After the electrodes are cured, we start printing the honeycomb metastructures on the two sides of the DE membrane using an FDM printer (Ultimaker), as shown in Figure 3a. After printing, the DE membrane is cut off along the periphery of the metastructures. Upon release, the prestretched membrane with built-in honeycombs will shrink to some extent until reaching an equilibrium state as a minimum energy structure as shown in Figure 3b. Copper tapes connect the actuator to a high voltage power.

3. Model and Simulation

To predict the electromechanical performance of the proposed DEA, in this section, we carry out finite element analysis and study the effect of the honeycomb geometry parameters on the resulting voltage-induced deformation of the DEA. In this way, we obtain a feasible design that gives rise to unidirectional motions. In the analysis, the high voltage activation is simulated by a spatial electric field, with the electrode substances omitted.

3.1. Modeling of DEs

The Neo-Hookean model is widely used to describe the hyperelasticity of DEs, with the free energy density W being function of the mechanical stretches
W = μ 2 ( λ 1 2 + λ 2 2 + λ 3 2 3 )
where μ is the shear modulus of the elastomer, and λ 1 , λ 2 and λ 3 are the principal stretches with subscripts 1, 2 denoting the x, y direction in the membrane plane and 3 the normal direction of the membrane. DEs are typically taken to be incompressible, that is, λ 1 λ 2 λ 3 = 1 .
According to the theory of ideal dielectric elastomers by Suo and Zhao [42,43], the stress and the stretch follow the relation:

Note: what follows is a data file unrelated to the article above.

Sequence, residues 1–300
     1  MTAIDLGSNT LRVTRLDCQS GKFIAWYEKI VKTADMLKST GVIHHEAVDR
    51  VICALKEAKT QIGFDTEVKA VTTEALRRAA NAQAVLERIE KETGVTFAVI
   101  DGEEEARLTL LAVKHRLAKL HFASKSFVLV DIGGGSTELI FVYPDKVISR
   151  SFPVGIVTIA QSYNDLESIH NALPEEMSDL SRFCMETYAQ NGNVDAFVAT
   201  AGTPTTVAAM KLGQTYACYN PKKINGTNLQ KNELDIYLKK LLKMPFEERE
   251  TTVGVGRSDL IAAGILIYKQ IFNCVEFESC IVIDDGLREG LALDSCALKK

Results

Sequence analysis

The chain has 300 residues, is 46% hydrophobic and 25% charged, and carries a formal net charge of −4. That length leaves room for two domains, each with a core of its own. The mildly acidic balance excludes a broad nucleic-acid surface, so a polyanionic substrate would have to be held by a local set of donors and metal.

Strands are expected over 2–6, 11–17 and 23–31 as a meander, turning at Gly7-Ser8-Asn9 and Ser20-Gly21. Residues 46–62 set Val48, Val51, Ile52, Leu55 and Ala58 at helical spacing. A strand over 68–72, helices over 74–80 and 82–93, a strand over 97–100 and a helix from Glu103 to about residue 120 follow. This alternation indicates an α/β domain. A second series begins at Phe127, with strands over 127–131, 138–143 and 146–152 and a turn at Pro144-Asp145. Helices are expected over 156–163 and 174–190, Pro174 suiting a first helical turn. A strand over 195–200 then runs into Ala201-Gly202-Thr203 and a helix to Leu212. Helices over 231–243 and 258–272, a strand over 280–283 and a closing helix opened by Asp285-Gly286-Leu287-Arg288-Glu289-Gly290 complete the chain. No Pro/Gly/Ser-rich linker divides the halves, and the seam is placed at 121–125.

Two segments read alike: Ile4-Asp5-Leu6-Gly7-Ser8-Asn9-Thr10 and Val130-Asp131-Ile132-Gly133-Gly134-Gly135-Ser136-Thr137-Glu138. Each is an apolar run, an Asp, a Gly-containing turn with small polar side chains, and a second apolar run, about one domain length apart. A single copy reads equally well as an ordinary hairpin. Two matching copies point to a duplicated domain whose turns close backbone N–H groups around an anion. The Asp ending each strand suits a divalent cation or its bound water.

σ 1 + ϵ E 2 = λ 1 W λ 1
σ 2 + ϵ E 2 = λ 2 W λ 2
where σ 1 , σ 2 are the principal Cauchy stresses in the plane, E represents the electric field applied to the dielectric membrane and ϵ is the permittivity independent of the deformation. The material properties of VHB 4910 are shown in Table 1. Based on the constitutive equations, we use a user-defined material subroutine to simulate the voltage-induced response of DE membranes.

3.2. Finite Element Analysis

3.2.1. Setting

We carry out finite element analysis in the commercial software ABAQUS to study how the design parameters will tailor the actuation performance of the DEA. Since it is a two dimensional problem, the two separate metastructure parts on the two sides of the DE membrane are substituted by an integrated part. The CAD model is shown in Figure 4a. The honeycomb cells are modeled by beam element (b31) for efficient computation. The honeycomb metastructures are modeled by linear elastic materials, with material properties as listed in Table 2. It is noted that ideally, the flexural modulus of elasticity is equivalent to the tensile modulus (Young’s modulus) of elasticity for rectangular beam. The interface between the DE membrane and metastructures is defined as tie interaction in ABAQUS along the edges of the cells. The applied voltage will directly determine the induced Maxwell stress in the subroutine, and thus affect the resulting deformation of the actuator.
We carry out finite element analysis and study the effect of the parameters involved on the actuation performance that is captured by the axial voltage-induced strains. Specifically, we define the nominal axial strains ε x and ε y as follows
ε x = u x L 1
ε y = u y L 2
where u x and u y denote the voltage-induced displacements along the x and y directions, respectively, and L 1 and L 2 denote the actuator dimensions along the x and y directions before activation, respectively.